Sol Plaatje : a psychobiographical study
Welman, Crystal Alicia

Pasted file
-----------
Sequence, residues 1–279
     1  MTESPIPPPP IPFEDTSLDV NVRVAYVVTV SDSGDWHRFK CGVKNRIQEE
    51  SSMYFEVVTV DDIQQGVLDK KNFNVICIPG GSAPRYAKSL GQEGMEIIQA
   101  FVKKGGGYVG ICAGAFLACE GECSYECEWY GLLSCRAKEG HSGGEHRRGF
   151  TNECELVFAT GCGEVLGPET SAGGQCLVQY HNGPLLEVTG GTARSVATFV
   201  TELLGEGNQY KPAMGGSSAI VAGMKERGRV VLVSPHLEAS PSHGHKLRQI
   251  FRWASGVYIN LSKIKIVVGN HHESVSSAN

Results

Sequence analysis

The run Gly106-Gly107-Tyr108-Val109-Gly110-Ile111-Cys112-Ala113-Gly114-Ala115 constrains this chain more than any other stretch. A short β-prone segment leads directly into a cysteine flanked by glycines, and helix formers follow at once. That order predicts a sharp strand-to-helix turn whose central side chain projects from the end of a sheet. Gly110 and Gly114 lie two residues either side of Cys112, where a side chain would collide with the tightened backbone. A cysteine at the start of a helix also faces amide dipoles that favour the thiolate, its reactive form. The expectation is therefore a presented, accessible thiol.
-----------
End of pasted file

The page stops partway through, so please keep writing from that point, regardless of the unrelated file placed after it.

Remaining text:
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In recent years, interest in psychobiographical research has seen remarkable growth both internationally and nationally. The number of academically institutionalised psychobiographies conducted in South African universities have also increased significantly. South African psychologists may further be motivated by the country’s political history to embark on the study of significant and exceptional figures who helped shape its history. A renewed focus on anti-apartheid activists might contribute to a deeper understanding of South Africa’s troubled past by exploring these individuals’ roles in the journey towards democracy. Solomon Tshekisho Plaatje (1876-1932) was an enigmatic multilingual novelist, journalist and leading figure in South Africa’s liberation history. He is best remembered as one of the founding members of the 1912 South African Native National Congress (SANNC), the forerunner of the present-day African National Congress (ANC). Sol Plaatje lived through times of tumultuous political change, yet he consistently demonstrated tenacity and resilience, often under very trying conditions. His legacy to South African history is widely recognized and his acumen and determination ensured that he became known for his intolerance of injustice and disempowerment of the disenfranchised. Despite the wealth of information available on Sol Plaatje, none of the works provide an in depth psychological perspective on his life. Therefore, he was selected as the subject for this psychobiographical study through purposive sampling, in order to provide a psychologically driven exploration and description of aspects of his life, within his socio-historical context. This was achieved through the application of two specific psychological frameworks to the available biographical and historical data collected on Plaatje. The two frameworks employed in this study are (a) Erikson’s theory of psychosocial development, and (b) the Wheel of Wellness (WoW) model for holistic wellness. Hence, the primary aim of this study was to xxv provide a psychologically-driven exploration and description of Plaatje’s psychosocial development and his holistic wellness across his lifespan, within his socio-historical context. The use of two methodological strategies in this study proved meaningful in the extraction and analysis of data. Firstly, five significant historical life periods were identified, and prominent salient themes in the collected data were extracted, organised and analysed according to Alexander’s nine indicators of psychological saliency. In addition, to assist with the wealth of information available on Plaatje, the researcher posed specific questions to the data, which enabled the extraction of units of analysis relevant to the aim of the study. Secondly, the use of two conceptual matrices facilitated the analysis, categorisation, presentation and discussion of the stages of psychosocial development and the constructs of holistic wellness within the five historical periods identified on his life. The eugraphic focus of the two frameworks utilised in this study allowed the researcher to uncover Plaatje’s life history in terms of healthy development and holistic wellness. Findings from this study suggested that Plaatje successfully navigated all the psychosocial stages of development and attained all ego qualities as proposed by Erikson. He exemplified a case where certain stages were entered before their prescribed period, or where others were revisited or prolonged, depending on his interaction with his historical setting. Findings from this study also suggested that Plaatje achieved a relatively high degree of wellness in all the dimensions of the WoW model across his lifespan. The integrative, holistic approach of both psychological frameworks highlighted the impact of his political, cultural and historical environment on his psychosocial development and holistic wellness.